An introduction to using buttons.

Buttons should be designed to help the user navigate sites and encourage positive actions. This is achieved by using a mix of button states and styles which clearly communicate to users when individual buttons are selected and which are most important on the page.

Design Theory

Appropriate application of colour is essential to creating buttons that are intuitive to use. Darker colours attract the eye and will take a prominent place in the visual hierarchy of any design, by applying the darker colours to buttons which have priority actions we can drive users to them easily.

Changes in colour should also be used to confirm actions undertaken by users, such as a button changing colour as it is selected or hovered over.

Using icons on buttons also helps to visually indicate their purpose and enables them to be quickly recognised by users.


We use 3 main navigational buttons:

  • Primary Buttons - these indicate positive and progress actions such as ‘Forward’, ‘Next Page’, ‘Submit’ etc.
  • Secondary Buttons - these buttons are used to indicate actions that are not to take priority and are secondary to the primary button actions. This can include actions such as ‘Show all’, ‘Add another’, ‘View details’ etc.
  • Call off Button - these buttons are used for a negative or retractive actions such as ‘Cancel’, ‘Back’, ‘Remove’ etc.

Each button has 3 states:

  • Default - This state shows the button as it appears on screen before it has been selected.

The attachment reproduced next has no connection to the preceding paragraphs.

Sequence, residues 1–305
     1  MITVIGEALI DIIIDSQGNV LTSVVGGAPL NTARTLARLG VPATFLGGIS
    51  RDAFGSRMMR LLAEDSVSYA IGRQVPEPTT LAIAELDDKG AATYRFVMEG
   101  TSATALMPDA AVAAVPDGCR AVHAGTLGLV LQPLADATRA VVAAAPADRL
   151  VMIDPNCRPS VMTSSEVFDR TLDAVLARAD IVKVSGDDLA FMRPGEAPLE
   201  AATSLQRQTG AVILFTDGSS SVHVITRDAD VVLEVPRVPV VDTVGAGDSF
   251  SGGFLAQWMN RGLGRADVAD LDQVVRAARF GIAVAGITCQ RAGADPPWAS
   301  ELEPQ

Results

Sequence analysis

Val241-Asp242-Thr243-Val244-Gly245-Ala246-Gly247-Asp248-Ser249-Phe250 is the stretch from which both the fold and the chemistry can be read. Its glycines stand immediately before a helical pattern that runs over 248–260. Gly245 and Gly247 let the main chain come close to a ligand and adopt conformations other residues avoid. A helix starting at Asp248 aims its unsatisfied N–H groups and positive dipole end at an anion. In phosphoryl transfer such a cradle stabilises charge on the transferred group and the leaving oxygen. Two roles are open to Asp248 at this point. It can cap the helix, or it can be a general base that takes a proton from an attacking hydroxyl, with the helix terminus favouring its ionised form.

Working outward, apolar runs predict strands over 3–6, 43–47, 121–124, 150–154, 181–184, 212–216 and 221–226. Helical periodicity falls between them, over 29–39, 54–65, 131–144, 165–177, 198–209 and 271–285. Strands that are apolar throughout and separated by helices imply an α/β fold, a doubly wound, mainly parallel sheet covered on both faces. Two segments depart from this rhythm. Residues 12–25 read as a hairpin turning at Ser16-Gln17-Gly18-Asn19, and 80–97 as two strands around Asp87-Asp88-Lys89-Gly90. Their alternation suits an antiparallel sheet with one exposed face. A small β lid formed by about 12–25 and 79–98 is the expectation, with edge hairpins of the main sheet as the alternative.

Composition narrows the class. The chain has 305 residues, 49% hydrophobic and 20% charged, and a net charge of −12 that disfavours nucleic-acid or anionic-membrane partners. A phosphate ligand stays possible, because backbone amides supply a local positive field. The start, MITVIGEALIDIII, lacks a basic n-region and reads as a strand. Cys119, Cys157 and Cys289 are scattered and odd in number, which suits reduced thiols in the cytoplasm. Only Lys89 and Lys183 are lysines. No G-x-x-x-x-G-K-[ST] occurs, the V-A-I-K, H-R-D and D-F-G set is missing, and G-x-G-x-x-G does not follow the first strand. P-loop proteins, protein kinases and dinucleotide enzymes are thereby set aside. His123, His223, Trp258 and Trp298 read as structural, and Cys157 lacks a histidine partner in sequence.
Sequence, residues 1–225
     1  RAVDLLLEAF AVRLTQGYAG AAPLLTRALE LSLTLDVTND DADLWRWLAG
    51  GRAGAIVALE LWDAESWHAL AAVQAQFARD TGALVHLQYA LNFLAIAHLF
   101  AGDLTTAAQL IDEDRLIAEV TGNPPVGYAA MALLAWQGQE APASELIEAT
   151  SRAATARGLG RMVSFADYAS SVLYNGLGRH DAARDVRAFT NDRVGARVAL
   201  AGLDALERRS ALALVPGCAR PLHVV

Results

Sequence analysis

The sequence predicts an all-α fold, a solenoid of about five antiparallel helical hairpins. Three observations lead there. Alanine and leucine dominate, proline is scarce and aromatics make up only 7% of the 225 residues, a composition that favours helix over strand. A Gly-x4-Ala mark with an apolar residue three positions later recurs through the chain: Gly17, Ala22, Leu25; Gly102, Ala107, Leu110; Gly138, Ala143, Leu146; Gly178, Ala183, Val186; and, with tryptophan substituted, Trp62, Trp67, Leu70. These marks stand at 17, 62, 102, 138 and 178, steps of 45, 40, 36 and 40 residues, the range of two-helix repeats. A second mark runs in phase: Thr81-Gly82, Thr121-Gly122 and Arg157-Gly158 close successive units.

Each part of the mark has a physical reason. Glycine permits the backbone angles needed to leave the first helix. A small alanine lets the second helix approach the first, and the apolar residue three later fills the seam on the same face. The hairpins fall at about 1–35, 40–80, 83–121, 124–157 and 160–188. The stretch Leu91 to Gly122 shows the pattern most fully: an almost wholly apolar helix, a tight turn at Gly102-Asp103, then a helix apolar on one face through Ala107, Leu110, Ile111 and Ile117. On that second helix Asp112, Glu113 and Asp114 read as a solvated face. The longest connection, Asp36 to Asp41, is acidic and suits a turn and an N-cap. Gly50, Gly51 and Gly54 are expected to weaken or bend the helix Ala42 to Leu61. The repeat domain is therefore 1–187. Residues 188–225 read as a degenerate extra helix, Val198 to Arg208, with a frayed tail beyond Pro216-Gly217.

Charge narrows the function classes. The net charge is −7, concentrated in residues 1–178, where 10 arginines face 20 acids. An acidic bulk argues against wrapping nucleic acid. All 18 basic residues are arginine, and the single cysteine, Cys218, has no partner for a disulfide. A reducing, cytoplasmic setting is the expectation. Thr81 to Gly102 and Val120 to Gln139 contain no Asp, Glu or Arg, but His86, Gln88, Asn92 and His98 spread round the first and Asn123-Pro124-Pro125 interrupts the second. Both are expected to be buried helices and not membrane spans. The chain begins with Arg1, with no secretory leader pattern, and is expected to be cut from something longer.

• Hover - This state is triggered when the button has been hovered over by a mouse or tabbed to via a keyboard, this indicates to the user where they are in a list of buttons and that the button is ready to be actioned with a click or return.
  • Selected - This state appears after the hover state when the button has been triggered by the user, it is important to include this state to indicate to the user their action has been carried out whilst the next page loads or the action is performed.

Button types and states.

Sizing of buttons will vary depending on viewport and the type of buttons used.


All buttons and associated states should be actionable by either a mouse or a keyboard and any text included in buttons should be included in the code so that it can be read by screen readers.

Using different tints of a single colour in button states is preferable to changing colour as certain combinations are indistinguishable for users who are colourblind.

Any buttons which are intended for use on mobile devices or touch screens need to be designed to ensure that users can easily select them without incorrect selections occurring regularly. This is achieved by observing minimum sizing for buttons and ensuring there is enough tap space between objects.